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On one occasion, I heard someone prayer, "To God, our Father and Mother." In The Shack, the Trinity is represented as three persons, where God the Father is a woman.

Is there any biblical justification for referring to God as Mother?

Are there any denominations or movements which do call the first person of the trinity 'Mother'?

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Hope you don't mind the edit. I'm trying to help it avoid this fate. –  Richard Dec 15 '11 at 14:09
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Also, there's always one of God's names: El Shaddai (loosely interpreted as "the breasted God") –  Richard Dec 15 '11 at 14:11
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I've seen some devotionals at my church (of 7 years ago, as I've moved since) where the daily prayers in the back started "Father and mother God" - my pastor failed to provide any biblical support for it, but also wouldn't say he disagreed with the idea. I didn't see the logic then, and I still don't. –  corsiKa Dec 15 '11 at 16:40
    
It's an attempt by some pastors and Christians to be inclusive. –  Gilbert Le Blanc Dec 16 '11 at 13:16
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It's a realization that God isn't a human being, so of course He (;-)) has no gender. –  Jürgen A. Erhard Dec 23 '11 at 21:41

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There is a significant distinction between calling God "mother" and the Bible identifying aspects of motherhood (and fatherhood) as reflecting the glory and character of God.

Both men and women reflect the glory and character of God in different ways, as men and women, fathers and mothers, teachers, judges, etc.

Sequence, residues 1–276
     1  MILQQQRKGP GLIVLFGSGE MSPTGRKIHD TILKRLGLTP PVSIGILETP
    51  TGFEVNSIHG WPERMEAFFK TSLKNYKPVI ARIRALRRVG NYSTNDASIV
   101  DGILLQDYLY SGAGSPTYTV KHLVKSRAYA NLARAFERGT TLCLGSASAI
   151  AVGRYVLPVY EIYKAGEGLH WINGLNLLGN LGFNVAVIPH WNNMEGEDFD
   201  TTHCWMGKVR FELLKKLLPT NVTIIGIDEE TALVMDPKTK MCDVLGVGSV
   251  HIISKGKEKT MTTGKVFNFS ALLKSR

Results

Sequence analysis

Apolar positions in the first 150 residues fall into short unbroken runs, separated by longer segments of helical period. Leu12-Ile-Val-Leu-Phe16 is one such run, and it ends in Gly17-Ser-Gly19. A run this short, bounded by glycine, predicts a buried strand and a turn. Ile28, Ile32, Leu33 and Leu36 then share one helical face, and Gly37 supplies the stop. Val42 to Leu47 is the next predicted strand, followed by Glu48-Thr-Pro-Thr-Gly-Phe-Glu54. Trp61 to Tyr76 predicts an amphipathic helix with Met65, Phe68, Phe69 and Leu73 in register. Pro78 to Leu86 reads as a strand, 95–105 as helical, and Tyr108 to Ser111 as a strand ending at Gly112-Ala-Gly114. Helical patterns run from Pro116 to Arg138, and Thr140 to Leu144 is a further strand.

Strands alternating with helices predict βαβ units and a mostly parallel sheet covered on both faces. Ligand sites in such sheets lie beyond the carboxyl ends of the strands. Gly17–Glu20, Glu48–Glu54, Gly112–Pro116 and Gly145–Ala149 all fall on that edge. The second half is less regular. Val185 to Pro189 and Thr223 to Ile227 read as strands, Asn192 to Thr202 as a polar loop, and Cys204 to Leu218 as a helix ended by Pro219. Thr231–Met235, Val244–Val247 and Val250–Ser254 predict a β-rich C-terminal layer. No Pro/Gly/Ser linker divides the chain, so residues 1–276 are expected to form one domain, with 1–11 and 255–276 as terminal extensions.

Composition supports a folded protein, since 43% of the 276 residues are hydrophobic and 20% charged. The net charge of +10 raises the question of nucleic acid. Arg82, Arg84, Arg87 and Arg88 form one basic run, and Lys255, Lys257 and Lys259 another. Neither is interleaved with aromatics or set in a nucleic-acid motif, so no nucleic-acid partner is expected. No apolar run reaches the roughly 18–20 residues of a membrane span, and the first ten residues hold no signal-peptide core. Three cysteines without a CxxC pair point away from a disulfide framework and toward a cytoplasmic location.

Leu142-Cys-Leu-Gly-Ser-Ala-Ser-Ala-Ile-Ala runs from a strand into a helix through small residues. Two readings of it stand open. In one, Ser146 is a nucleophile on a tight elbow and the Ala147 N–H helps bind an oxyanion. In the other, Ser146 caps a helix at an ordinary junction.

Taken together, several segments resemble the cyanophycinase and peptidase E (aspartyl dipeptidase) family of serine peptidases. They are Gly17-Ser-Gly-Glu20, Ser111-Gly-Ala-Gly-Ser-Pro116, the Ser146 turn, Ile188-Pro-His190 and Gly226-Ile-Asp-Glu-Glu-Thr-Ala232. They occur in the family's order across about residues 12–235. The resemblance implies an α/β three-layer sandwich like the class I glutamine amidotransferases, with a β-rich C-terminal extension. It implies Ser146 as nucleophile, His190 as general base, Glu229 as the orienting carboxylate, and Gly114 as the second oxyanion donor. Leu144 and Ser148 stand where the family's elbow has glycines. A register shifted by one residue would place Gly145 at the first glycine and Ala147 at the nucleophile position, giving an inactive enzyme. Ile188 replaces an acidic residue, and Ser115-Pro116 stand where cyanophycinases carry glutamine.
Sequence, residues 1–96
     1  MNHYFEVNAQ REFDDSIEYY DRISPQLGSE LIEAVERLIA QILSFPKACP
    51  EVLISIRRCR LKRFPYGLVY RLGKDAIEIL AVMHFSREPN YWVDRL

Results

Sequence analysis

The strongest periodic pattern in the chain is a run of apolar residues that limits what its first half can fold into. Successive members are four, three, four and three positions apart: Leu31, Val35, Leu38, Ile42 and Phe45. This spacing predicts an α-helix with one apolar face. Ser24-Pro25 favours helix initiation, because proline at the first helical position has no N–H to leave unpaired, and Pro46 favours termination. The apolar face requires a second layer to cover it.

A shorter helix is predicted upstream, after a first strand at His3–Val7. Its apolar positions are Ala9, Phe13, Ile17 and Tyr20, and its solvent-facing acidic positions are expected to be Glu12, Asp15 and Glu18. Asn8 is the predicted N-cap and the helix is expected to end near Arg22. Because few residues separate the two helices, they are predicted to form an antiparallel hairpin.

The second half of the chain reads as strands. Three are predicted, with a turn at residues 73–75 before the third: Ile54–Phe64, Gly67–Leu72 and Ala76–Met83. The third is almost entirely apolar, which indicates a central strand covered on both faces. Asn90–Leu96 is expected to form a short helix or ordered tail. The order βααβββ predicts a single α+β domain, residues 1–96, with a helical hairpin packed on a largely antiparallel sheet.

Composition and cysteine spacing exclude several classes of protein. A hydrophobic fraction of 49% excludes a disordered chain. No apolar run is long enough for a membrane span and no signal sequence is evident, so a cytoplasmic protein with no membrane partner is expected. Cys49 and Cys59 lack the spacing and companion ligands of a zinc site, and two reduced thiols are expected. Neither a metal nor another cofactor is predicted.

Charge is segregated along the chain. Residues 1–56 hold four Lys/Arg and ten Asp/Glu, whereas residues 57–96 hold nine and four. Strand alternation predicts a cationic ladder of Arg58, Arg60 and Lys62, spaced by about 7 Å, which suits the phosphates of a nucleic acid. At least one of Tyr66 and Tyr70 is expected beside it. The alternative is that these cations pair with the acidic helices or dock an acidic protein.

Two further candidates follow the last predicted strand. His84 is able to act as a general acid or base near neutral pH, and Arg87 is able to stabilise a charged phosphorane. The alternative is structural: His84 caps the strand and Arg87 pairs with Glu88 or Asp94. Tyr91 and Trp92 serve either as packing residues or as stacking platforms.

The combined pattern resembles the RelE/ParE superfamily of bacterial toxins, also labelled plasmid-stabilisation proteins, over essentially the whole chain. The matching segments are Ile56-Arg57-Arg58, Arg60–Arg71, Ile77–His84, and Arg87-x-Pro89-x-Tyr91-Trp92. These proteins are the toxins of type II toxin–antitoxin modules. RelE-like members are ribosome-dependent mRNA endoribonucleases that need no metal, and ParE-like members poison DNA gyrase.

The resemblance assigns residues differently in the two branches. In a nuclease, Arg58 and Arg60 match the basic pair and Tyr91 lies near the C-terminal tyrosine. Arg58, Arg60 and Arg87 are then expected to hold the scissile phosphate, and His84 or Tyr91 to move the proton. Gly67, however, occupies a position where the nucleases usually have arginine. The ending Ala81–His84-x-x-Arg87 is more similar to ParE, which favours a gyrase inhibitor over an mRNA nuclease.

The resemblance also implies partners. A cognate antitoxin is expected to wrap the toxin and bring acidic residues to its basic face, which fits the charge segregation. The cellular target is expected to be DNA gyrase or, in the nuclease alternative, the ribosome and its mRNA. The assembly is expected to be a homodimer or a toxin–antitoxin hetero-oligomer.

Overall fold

However, God is spirit (John 4:23) and not physical. In the beginning, God created the physical universe, including genders. Yet, He Himself was not biological, but is and was outside of creation.

When He entered into creation, He did enter into it as a Man. In the Lord's prayer, God the Son instructs us to refer to God the Father as "Our Father" (Matthew 6:9-13). Nowhere in Scripture are we instructed to refer to God as mother.

The example of Paul is of note as well. He himself indicated that he cared for the Thessalonians like a mother cares for her children:

But we were gentle[c] among you, like a nursing mother taking care of her own children. 1 Thessalonians 2:7 ESV

But no one used that as a basis for calling Paul "Mom".

This in no way disparages women, and both men and women reflect the glory of God. Yet, God has chosen to reveal Himself in the masculine sense. If we are devoted believers, we recognize that He is the One who has the right to define how we should refer to Him--not us.

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Isaiah 49:15 - Can a mother forget the child nursing at her breast? Yes, but even if she could, I would not forget you. See, I have engraved you on the palms of my hands.

As a practical matter, the case for "Mother God" tends to be made only by the more liberal wings of churches.

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Good answer, reminds me of Matthew 23:37: "“O Jerusalem, Jerusalem, you who kill the prophets and stone those sent to you, how often I have longed to gather your children together, as a hen gathers her chicks under her wings, but you were not willing." –  Wikis Dec 15 '11 at 11:51